Justice vs Revenge, Consequence vs Punishment

Justice vs Revenge, Consequence vs Punishment

In my life as a human, husband and father, I was often confronted with the four words above. So I decided to highlight them all at once and see what shows up.

Let’s start with the differences. “Revenge is, by nature, personal; justice is impersonal, impartial, and both a social and legal phenomenon” and “Revenge is predominantly emotional; justice primarily rational”:


The difference between consequences and punishment is extremely important when it comes to child education:


“Whether they are natural or logical, consequences help us all to learn and grow. When kids experience the results of their actions, they learn to make better choices and improve their behaviors. In short, consequences = learning.

Importantly, a consequence respects the child’s right to make a decision, even if it’s not a good one. It’s not a withdrawal of love or a rejection. It’s a matter-of-fact learning experience in which you maintain a better relationship with your child as you hold him accountable.”


“The essential difference between consequences and punishments is our sincere and honest sharing. We can’t be gentle parents without taking care of our personal boundaries… and the consequences of that kind of modeling are all good.”

Makes sense, right? But guess how many parents actually live that. Not many, unfortunately. Even being aware of such information, I still make mistakes! So then is it surprising that after being educated with punishment, most adults repeat the same flawed pattern? Sometime soon, this circle must be broken.

If children currently have little opportunity for a consequence-based education, perhaps there is a way to change ourselves as adults. Could forgiveness and progressive justice^ be the way? Unfortunately, society is still fixated with “putting the problem away”:


“Punishment is the imposition of an undesirable or unpleasant outcome upon a group or individual, meted out by an authority—in contexts ranging from child discipline to criminal law—as a response and deterrent to a particular action or behavior that is deemed undesirable or unacceptable. The reasoning may be to condition a child to avoid self-endangerment, to impose social conformity”, etc.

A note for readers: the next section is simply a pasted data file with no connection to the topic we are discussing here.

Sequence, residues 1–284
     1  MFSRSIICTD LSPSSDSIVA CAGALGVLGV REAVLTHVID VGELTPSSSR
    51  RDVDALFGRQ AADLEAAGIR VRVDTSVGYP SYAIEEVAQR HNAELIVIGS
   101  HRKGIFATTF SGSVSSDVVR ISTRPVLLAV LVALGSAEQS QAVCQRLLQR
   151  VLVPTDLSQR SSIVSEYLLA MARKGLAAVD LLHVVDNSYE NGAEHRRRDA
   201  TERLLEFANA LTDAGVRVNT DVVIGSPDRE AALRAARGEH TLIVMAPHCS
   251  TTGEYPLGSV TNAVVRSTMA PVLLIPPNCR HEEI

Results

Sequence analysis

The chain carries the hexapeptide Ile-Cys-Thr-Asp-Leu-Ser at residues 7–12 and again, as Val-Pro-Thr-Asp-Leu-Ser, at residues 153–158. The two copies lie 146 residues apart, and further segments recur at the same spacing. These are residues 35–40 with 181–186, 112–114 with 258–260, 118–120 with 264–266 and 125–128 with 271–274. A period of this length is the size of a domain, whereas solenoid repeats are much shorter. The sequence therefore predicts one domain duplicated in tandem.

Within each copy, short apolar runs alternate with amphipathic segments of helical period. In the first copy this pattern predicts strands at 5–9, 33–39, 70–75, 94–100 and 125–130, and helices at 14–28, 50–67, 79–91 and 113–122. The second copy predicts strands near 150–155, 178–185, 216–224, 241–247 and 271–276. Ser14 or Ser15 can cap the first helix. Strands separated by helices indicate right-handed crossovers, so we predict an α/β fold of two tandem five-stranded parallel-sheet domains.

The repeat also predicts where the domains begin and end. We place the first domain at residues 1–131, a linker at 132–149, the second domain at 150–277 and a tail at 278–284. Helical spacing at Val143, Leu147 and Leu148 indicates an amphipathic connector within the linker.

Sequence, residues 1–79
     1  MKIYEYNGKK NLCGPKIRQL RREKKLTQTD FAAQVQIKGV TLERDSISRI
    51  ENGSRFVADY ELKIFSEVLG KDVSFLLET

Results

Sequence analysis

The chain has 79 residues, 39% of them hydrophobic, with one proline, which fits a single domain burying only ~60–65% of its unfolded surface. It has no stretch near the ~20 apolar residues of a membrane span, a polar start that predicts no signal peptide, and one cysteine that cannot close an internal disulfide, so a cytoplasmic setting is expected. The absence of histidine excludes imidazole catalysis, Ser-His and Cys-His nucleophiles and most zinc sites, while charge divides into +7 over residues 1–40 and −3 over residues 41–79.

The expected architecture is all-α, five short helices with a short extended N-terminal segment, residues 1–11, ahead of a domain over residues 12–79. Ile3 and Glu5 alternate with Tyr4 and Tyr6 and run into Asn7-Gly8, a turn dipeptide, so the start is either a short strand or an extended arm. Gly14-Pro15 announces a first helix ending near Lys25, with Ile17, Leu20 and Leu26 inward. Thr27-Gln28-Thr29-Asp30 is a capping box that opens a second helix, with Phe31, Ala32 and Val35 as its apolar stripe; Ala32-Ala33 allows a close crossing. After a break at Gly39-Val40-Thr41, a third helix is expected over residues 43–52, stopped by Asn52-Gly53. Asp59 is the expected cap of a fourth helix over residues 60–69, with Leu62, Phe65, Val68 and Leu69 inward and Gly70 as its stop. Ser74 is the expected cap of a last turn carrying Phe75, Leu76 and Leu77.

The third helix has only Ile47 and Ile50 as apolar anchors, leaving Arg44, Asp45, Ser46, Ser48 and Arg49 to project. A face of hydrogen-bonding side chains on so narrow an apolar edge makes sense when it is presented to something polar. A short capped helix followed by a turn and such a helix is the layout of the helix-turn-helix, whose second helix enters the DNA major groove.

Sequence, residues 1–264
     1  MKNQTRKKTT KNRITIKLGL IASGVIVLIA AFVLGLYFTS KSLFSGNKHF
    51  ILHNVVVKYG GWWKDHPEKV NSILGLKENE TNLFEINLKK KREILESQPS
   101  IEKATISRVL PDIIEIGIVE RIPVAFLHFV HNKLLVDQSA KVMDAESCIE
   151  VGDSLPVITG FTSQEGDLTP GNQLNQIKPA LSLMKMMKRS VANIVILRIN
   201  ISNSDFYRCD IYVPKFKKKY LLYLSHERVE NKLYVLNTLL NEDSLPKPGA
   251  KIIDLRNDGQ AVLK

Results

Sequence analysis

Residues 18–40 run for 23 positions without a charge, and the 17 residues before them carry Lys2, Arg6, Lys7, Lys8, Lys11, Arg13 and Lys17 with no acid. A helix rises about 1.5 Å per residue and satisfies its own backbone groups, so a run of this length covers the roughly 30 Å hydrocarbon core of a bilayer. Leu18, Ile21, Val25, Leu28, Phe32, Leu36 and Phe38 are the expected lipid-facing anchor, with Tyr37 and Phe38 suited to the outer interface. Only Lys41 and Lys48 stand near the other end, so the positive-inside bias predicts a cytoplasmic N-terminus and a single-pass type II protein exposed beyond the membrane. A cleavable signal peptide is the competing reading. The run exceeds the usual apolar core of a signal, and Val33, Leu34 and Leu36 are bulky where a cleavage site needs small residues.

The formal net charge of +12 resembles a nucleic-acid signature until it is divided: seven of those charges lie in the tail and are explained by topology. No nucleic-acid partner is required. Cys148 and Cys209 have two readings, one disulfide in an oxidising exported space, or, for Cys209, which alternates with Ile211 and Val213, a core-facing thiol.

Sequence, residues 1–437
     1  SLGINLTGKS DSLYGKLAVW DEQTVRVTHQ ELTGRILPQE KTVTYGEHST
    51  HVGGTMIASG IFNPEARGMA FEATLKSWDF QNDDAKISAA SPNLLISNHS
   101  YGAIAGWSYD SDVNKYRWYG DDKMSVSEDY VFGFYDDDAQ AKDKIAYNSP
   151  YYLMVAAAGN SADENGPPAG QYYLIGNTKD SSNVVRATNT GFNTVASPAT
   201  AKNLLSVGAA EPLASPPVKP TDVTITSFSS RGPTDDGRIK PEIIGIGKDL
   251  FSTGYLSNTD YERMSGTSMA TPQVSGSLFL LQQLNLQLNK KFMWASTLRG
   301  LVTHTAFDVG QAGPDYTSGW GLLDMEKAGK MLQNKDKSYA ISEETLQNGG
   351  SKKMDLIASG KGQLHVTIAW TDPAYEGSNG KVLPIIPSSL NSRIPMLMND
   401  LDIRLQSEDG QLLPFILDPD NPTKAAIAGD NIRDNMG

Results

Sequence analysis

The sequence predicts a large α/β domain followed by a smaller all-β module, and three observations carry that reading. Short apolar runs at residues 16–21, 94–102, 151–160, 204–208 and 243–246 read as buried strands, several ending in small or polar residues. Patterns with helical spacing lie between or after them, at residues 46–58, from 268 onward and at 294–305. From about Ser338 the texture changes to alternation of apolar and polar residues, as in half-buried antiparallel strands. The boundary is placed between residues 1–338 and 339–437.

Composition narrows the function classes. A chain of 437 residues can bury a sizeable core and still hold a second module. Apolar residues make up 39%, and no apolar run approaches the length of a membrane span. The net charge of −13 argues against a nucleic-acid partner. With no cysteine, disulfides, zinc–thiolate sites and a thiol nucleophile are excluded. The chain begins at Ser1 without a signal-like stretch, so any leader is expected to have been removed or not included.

When it comes to prison, nowhere in the world is its dismal lefficiency^ highlighted better than in that country with the highest per-capita imprisoned population in the world. It’s a country that I think can’t dare to call itself “land of the free” anymore: the USA^. Of course, prison is a bad solution no matter where on Earth, except perhaps some experimental prisons. What I advocate is Prison 2.0^ (or more precisely “Justice 2.0”).

But back to punishment. It gets worse:


“Retributive justice is a theory of punishment that when an offender breaks the law, justice requires that he or she suffer in return.”

This is basically “eye for an eye”. And as an artist^ once said: “an eye for an eye makes the world go blind.”

Personally, I believe that the vast majority of criminals, especially non-violent ones, are a product of society. Confronting our evolutionary weaknesses^, social contribution inequality^ and education^ will have as a consequences the closure of anywhere between 70% to 99% of all forced confinement institutions.

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